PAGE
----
Flock of Dodos

Not a bad documentary*.  “Teach the controversy” isn’t the worst principle – though legislating that it be taught in science classrooms is a slippery-slope nightmare. Has a tendency to take the dumbest arguments of the intelligent design movement and say they represent the whole.  I don’t know all the criticisms of the Intelligent Design movement, and I would have liked to see them addressed in this documentary – would have been more courageous to take on the movement’s best points, rather than the worst.  Good overall idea that the IDers are working from a point of intuition, rather than proof, and there’s only so far you can take that.

*Streaming on Netflix now.

3 Responses

  1. Steven Brent says:

    Can you list which of the Intelligent Design arguments you find to be worth teaching? I’m not trying to bait you, I’m genuinely curious because being familiar with both the ID position and with the scientific data supporting the theory of evolution by Natural Selection, I haven’t seen anything from ID that seems even remotely credible. One of the seductive things about ID is that they do put forth arguments which do indeed seem superficially compelling if one is not well-versed in the science, and the scientific community has done a largely slipshod job of communicating the facts as we currently know them. The best refutation of Intelligent Design is not to debate some manufactured controversy but to gain a real appreciation for Evolutionary science. If you’re looking to develop that, I strongly recommend Richard Dawkins’ ‘The Greatest Show on Earth’. Peppered here and there with snark (he just can’t help it!) but primarily focused, in an affirmative way, on the evidence for Evolution, which is presented in a really thorough and accessible manner. I’ll even buy you a copy if you’re interested :-)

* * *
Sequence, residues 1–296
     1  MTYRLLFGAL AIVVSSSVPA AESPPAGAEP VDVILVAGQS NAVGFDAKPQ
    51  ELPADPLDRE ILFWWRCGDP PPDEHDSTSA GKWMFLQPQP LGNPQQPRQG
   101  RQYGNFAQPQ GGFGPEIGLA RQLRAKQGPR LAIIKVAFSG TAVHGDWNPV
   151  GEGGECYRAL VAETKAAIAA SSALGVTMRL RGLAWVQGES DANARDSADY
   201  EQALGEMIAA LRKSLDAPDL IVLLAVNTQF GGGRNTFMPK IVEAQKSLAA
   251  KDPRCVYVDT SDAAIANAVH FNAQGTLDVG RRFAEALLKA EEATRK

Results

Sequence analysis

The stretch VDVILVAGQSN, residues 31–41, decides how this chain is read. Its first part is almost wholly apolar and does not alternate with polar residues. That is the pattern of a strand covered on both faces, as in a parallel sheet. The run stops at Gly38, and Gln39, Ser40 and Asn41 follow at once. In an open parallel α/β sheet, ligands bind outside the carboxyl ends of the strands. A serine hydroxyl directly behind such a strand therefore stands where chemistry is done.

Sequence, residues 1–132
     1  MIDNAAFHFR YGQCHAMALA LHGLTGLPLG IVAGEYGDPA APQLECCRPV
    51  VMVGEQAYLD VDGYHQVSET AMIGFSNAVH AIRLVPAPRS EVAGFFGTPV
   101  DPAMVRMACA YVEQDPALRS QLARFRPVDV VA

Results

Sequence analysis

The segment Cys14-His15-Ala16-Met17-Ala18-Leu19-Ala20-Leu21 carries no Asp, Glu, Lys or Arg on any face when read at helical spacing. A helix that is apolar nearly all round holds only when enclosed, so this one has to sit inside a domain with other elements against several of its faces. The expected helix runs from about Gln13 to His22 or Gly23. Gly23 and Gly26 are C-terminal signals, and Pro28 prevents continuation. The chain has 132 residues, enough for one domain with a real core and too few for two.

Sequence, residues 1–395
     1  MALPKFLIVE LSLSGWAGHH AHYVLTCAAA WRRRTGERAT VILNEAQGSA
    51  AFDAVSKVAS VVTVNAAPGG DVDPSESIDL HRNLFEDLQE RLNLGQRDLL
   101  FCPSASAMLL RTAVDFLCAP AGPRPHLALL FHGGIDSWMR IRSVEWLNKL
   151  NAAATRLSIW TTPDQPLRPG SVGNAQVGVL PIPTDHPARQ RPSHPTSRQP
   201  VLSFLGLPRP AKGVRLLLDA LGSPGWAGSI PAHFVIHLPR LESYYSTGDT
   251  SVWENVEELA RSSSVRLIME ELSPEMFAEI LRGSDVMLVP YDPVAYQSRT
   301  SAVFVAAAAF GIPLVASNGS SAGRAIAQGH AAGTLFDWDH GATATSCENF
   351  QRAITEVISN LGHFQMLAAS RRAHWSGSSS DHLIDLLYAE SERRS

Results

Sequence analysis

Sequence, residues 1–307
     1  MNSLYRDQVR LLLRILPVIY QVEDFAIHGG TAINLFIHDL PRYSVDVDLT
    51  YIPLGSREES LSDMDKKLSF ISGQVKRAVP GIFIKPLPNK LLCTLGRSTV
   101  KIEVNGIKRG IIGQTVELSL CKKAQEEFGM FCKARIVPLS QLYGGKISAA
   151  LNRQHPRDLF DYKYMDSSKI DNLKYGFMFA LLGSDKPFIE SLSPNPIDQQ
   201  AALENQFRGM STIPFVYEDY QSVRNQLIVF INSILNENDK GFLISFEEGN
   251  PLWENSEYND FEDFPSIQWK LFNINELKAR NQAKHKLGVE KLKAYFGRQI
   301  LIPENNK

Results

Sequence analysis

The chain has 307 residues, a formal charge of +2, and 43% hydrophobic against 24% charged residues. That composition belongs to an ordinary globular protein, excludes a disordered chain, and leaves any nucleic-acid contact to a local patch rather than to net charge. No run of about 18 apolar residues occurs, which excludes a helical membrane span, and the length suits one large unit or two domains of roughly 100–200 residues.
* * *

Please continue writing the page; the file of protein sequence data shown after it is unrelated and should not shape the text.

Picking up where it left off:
2. Henry Baum says:

    Like I said, I don’t actually know all of the Intelligent Design arguments, but there has to be at least something that’s more persuasive than what was presented in this movie. I just don’t think having a day where you teach “This is what intelligent designers believe” is the same thing as teaching that evolution isn’t true. If anything it’s a good subject in order to prove that evolution makes sense. But you seem to be addressing me as if I don’t believe in evolution.

  3. Steven Brent says:

    My point is only that the arguments of the Intelligent Design movement are persuasive only to the extent that one has an incomplete or incorrect understanding of Evolutionary science.

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